16. For once The Governor has a valid point. The Independent does disproportionately hurt the Conservatives. This remains a 2-horse race between Labour & Plaid Cymru, even though I suspect that one day the Conservatives may challenge here again.

  17. The independent will fall away this time around….Plaid will gain votes from every other party

  18. Anyone disregarding Peter Rogers here probably has little knowledge of this seat. While he won’t win, he *will* take loads of Tory votes and some Plaid votes – maybe enough to stop them winning again. I’d be hugely surprised if he got less votes than 2005. Just you watch.

  19. The latest from the Independent candidate, Peter Rogers:

    http://druidsrevenge.blogspot.com/2010/04/assassination-threats-old-photos-and.html

  20. Pingback: Revolutie liberala in Marea Britanie: LibDem 32%, Cons 31%, Lab 28% « ALIANTA DREPTEI

  21. PC maj 1,000

  22. Anyone disregarding Peter Rogers here probably has little knowledge of this seat. While he won’t win, he *will* take loads of Tory votes and some Plaid votes – maybe enough to stop them winning again. I’d be hugely surprised if he got less votes than 2005. Just you watch.

    Absolutely right. The Tories have zero chance here, a locally known candidate is essential and their strong local candidate dropped out in December; the new guy is bright and able but not at all local.

  23. Although sticking to what I said about Rogers, from what I understand his campaign has been more lacklustre than last time around (2007) and that will be of use to Plaid if its true.

    Although this is one seat where the Lib Dems are truly, completely irrelevent, if they snatch just a few hundred votes of Labour, as they may well do given the polls, particularly in Holyhead, I’m pretty certain Ynys Môn is going green this year. It’s still maybe too close to call, but Plaid Cymru are rightly favourites in the current climate.

  24. I find myself faced with a real dilemma. Previously a lifelong Labour supporter, I changed my allegiance to PC on moving to Wales 12 years ago, feeling disillusioned by New Labour/Blair, and impressed by PC’s policies. I still think PC have the best policies for Wales, which would also be good for the UK as a whole. But I REALLY don’t want a return to Tory government from Westminster. So should I vote tactically, and if so – for Labour in hopes that GB and Labour keep sufficient seats to form a coalition, or for PC in hopes that at least there will be one more MP who will not join a coalition with DC and the Conservatives and so perhaps help prevent him forming a government?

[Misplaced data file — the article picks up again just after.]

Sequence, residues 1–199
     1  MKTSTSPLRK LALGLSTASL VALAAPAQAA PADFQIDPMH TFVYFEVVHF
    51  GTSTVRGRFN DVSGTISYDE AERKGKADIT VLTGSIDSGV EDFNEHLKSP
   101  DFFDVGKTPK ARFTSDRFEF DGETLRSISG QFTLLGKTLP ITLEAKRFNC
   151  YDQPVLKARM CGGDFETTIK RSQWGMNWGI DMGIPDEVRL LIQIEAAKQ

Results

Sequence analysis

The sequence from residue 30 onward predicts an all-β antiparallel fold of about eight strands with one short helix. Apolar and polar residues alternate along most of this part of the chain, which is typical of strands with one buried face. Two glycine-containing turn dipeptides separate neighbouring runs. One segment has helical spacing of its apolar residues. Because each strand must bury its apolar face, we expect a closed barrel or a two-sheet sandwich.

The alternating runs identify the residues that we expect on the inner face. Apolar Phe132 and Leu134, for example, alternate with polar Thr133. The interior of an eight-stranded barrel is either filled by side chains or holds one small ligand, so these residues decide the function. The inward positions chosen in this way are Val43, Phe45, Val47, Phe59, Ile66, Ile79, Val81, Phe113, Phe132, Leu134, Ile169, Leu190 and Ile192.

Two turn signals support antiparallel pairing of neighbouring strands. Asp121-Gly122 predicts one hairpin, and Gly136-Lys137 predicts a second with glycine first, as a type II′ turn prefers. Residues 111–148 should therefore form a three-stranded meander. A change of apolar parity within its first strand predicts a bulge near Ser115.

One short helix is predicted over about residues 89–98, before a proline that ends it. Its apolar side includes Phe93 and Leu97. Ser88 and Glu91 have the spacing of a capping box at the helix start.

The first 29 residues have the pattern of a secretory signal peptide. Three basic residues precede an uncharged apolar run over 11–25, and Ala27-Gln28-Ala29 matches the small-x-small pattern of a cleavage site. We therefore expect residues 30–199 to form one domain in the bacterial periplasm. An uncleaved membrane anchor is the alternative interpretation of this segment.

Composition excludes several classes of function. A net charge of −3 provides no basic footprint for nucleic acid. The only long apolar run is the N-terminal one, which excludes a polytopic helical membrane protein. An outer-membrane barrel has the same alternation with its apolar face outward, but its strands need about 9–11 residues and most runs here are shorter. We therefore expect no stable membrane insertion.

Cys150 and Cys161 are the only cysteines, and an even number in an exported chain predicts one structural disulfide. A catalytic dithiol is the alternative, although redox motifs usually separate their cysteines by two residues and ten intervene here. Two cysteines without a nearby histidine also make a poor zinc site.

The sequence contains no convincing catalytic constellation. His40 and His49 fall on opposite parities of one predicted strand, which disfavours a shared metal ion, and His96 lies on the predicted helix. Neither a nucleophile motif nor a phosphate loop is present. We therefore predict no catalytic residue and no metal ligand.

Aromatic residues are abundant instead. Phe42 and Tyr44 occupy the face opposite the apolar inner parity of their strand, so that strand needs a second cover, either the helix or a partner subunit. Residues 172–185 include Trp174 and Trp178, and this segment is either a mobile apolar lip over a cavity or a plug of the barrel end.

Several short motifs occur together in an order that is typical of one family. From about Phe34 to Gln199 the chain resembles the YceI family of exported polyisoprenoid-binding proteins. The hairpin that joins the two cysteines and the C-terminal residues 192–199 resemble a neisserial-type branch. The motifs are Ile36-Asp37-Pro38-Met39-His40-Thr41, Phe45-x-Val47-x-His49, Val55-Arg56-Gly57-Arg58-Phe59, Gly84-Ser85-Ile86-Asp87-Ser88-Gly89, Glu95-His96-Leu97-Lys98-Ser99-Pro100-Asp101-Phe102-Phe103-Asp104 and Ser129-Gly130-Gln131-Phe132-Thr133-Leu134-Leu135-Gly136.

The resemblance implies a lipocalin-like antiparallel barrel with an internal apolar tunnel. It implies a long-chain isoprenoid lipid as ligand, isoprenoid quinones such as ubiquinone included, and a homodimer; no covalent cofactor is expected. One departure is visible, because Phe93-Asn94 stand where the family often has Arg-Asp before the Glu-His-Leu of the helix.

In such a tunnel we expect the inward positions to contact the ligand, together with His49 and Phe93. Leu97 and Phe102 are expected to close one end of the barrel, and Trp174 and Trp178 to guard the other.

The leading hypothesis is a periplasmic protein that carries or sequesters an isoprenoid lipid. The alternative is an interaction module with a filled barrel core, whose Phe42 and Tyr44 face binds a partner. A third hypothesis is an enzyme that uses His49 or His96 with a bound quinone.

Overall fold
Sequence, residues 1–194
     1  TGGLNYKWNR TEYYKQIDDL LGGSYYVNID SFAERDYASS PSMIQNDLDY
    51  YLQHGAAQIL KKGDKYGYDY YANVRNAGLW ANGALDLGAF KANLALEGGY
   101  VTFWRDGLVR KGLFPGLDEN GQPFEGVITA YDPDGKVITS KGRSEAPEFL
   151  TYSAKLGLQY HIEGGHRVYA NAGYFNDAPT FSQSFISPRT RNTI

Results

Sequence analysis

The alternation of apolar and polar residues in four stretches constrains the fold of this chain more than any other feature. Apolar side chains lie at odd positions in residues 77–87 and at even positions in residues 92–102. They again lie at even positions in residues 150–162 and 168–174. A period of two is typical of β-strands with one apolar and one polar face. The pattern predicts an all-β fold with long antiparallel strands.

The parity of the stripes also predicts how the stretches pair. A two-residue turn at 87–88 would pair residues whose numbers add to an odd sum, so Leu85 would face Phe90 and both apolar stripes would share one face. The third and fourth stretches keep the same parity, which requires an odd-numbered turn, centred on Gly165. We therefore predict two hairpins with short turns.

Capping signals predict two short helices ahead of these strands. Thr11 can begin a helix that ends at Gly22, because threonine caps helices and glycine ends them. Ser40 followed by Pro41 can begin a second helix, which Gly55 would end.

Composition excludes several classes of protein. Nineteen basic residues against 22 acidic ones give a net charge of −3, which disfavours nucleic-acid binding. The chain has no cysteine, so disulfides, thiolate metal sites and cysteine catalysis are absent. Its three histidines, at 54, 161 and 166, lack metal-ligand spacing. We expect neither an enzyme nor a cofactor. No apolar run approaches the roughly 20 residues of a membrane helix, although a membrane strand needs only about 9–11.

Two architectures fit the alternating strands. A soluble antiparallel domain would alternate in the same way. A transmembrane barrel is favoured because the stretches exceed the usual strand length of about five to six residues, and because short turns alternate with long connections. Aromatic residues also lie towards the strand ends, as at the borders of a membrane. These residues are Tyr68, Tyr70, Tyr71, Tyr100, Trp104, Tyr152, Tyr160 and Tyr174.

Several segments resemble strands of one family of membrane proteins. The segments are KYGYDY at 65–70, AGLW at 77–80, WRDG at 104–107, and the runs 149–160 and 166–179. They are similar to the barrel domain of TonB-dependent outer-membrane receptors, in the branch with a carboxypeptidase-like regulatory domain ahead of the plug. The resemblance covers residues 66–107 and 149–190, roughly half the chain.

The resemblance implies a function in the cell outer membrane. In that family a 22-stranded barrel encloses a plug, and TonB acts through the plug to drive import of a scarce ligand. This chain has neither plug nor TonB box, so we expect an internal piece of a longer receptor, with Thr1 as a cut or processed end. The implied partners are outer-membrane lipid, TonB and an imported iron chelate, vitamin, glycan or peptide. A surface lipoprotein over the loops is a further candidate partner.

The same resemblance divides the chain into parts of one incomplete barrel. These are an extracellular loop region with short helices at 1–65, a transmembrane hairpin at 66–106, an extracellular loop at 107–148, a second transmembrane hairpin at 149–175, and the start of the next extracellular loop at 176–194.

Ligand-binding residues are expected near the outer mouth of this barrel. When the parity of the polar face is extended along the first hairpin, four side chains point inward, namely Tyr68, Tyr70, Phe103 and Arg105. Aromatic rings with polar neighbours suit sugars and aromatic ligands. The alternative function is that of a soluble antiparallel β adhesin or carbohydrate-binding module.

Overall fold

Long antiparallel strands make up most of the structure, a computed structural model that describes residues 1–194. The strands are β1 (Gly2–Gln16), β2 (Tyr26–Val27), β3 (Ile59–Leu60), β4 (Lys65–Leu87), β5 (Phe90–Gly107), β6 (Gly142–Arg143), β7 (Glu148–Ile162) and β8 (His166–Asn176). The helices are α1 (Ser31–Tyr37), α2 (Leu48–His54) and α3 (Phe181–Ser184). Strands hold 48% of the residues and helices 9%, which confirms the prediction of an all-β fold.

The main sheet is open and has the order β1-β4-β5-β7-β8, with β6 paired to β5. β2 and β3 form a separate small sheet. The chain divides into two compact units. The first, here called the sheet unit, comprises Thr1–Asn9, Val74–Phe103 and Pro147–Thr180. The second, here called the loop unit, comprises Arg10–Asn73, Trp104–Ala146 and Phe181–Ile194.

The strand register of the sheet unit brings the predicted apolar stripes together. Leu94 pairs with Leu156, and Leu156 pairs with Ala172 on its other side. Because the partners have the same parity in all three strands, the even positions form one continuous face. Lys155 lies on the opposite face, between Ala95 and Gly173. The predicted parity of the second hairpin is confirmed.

25. Marianne Cook, I would recommend you vote for who you want to, not tactically. Vote Plaid.

  26. Saw Peter Rogers outside Morrison’s in Holyhead today. He seemed to be getting quite well received by shoppers.

    Had a bit of a chat with him and he tried to get me to drop voting for Plaid and to vote for him instead. He reckons only he can topple Albert Owen but personally I reckon only Plaid can he has to big a hill to climb I think..

  27. Albert Owen will win Ynys Mon. Lots of people are voting for HIM and not for Labour,

    So Marianne; the advice is if you don’t want the Tories and Cameron, vote for Albert on Anglesey.

  28. Marianne – The more Plaid MPs we have in Westminster, the bigger the voice for the people of Wales. PC is about community, grassroots; we need to protect our communities and most vulnerable in society.

  29. The Morose Fella – you are being too political…you obviously want Owen to win….can I have a better critique please…local canvass returns etc?

  30. Hywel:

    sorry if I am just stating the facts as I have seen them, that is not being political. Don’t know what you mean about canvas returns – I’m not a painter:))) just someone who cares about the island and wants someone who has presence and who is effective to represent us.

    that’s why a lot of people on Anglesey have already and will support Albert Owen.

  31. To Think Plaid:

    Well, I guess that’s why many people will vote for Albert Owen on Anglesey – because he cares about the local community.

    The 2 or 3 Plaid Cymru MP’s have no clout in Parliament and their man on telly said the other night in effect that they could be going into bed with the Conservatives.